Author: Yana Georgieva, Senior Sustainability Consultant
Elevating the ‘S’ on the ESG agenda.
Fundamentally, Social Value in the built environment should be about improving the quality of life of people. Given the variety of projects and diversity of communities that the development process affects, a one-size-fits all definition of Social Value is neither feasible nor appropriate.
The idiosyncratic nature of Social Value gives built environment practitioners an opportunity to move away from box ticking to developing project-specific environmental, economic and social outcomes and interventions. This tailored approach seeks to inform strategies that respond to local needs and priorities and, in doing so, enhance wellbeing and improve the quality of life of affected communities.
Reactive to proactive position on “S”
As we entered 2020, the question around re-thinking the role of Social in decision-making took on a new meaning.
The Covid-19 crisis seems to have become a watershed moment for the ‘S’ pillar, having put a spotlight on the weak points of our societies when it comes to health and wider social inequality.
Some of the pain points that have come to the forefront are: evolving societal expectations associated with the growing inequality between wealth and poverty; access to affordable housing; connection to nature; gender and diversity gap; and increase in mental illness.
As a consequence, the expectation is that there will be an increased focus on businesses’ social responsibility towards their employees, supply chains, and communities in which they operate.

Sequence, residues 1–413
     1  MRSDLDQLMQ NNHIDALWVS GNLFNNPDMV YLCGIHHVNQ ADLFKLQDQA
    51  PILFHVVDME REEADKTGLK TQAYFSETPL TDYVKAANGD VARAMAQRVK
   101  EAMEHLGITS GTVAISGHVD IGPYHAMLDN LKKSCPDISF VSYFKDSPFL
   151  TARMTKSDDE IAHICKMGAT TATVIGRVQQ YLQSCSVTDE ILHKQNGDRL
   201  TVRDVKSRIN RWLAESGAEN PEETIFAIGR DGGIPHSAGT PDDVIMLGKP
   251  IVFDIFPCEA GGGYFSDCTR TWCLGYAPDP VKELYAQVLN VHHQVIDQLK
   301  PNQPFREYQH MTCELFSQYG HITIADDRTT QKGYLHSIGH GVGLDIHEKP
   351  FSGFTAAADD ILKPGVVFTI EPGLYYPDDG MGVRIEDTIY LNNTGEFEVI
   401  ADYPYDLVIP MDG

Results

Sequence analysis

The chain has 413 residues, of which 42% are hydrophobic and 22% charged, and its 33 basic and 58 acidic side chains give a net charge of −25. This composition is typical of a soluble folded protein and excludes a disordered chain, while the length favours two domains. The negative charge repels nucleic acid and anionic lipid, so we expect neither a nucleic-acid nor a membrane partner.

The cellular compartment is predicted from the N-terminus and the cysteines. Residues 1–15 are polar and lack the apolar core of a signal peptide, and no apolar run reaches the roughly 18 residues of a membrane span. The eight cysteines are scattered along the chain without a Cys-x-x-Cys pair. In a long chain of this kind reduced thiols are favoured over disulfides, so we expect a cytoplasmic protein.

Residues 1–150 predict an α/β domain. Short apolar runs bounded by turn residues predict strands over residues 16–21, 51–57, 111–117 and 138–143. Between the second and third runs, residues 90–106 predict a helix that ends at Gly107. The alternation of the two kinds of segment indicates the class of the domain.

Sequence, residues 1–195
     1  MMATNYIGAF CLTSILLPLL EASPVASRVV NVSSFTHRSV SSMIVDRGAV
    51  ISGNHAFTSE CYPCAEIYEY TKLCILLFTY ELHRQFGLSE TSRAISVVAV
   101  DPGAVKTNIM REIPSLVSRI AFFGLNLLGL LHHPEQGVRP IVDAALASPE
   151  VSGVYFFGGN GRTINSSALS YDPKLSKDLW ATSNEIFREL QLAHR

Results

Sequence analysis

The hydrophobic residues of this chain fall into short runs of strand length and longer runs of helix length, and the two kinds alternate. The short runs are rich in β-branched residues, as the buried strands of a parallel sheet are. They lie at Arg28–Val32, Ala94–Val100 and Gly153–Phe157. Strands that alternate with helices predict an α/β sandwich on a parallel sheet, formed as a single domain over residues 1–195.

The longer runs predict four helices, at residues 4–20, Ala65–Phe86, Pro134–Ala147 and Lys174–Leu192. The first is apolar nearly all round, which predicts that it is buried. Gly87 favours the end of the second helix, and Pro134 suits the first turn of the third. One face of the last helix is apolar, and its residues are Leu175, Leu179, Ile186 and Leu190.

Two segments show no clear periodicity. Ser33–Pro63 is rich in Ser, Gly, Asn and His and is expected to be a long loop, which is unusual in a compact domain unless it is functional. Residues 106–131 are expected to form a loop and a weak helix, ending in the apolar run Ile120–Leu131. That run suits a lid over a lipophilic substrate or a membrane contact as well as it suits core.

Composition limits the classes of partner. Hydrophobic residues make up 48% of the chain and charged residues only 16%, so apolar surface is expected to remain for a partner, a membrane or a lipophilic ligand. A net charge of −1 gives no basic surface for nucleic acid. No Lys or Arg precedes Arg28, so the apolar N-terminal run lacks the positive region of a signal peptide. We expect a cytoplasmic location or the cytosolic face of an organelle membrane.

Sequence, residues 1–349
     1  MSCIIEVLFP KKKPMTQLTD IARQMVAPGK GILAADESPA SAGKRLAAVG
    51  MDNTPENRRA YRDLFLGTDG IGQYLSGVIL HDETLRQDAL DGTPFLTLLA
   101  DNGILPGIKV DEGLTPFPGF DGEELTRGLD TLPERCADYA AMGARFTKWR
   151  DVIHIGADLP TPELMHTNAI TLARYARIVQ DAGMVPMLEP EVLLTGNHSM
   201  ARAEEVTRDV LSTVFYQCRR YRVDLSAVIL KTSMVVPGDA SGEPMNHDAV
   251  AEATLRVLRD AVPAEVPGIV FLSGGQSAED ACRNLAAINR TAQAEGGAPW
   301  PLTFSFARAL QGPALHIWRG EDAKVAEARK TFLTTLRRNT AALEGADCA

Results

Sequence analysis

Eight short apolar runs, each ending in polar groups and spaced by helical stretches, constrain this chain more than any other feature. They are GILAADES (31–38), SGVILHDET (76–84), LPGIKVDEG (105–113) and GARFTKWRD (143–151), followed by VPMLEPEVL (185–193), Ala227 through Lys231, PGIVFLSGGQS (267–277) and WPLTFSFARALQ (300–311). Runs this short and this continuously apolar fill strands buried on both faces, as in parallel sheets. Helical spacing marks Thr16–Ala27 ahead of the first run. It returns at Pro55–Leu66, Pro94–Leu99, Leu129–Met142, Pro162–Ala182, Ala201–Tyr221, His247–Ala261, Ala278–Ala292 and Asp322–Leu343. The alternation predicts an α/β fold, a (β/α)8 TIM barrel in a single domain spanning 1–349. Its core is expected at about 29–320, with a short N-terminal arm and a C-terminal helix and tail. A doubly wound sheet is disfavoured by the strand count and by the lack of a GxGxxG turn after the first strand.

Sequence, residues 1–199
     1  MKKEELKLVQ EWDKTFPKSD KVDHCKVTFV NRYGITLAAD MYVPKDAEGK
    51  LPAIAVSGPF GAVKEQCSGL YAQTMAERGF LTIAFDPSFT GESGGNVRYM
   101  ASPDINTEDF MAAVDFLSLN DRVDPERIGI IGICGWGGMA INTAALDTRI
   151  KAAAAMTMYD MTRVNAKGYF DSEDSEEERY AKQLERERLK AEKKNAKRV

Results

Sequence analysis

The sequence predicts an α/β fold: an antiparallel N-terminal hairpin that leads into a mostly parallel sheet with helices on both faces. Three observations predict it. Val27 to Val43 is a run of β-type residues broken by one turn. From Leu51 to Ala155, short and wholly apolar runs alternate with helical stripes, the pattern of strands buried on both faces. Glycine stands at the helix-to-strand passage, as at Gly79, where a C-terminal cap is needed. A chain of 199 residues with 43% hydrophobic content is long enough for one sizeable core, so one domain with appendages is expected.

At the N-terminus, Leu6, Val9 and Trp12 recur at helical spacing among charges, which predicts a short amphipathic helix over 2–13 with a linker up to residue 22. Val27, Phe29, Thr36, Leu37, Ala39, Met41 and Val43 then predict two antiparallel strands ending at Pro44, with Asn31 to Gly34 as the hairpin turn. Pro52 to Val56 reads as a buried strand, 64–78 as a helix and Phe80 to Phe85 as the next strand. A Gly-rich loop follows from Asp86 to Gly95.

Ultimately, the three pillars of ESG are profoundly interconnected and require an integrated approach to maximise overall benefits and explore synergies. Social and environmental issues are effectively two sides of the same coin, and governance is the frame that ties them together. We can’t hope to deliver on the Paris Agreement commitments in a sustainable way without developing a proper understanding of key social factors and performing a balanced assessment of environmental and social implications.
Decarbonisation pledges currently being made by both the public and private sectors must be managed holistically to ensure that the transition to net zero does not deepen existing social inequalities but rather is used as a force for good that improves livelihoods and “levels up” communities.
We still have a lot to learn when it comes to maximising social benefits throughout the lifecycle of a built asset. Capturing this information in a way that is specific and tangible enough to inform meaningful decision-making at portfolio / corporate level is even more challenging.
Nevertheless, the perfect should not be the enemy of the good. The greater complexity around the ‘S’ pillar should not be used as an excuse for inaction or piecemeal interventions. This trend is particularly acute in the built environment sector where the awareness of the link between built assets and quality of life of occupants is growing markedly.
By elevating the ‘S’ on the ESG agenda, we might just get close to squaring the circle through the adoption of a more holistic understanding of “value”.
Embracing a longer-term time horizon and broadening the scope of metrics used to measure success would alleviate concerns associated with pressures organisations face for short-term returns.
The real challenge will be to find the right balance between harmonising social reporting requirements (to enhance transparency and increase uptake) alongside the flexibility needed to effectively address local needs.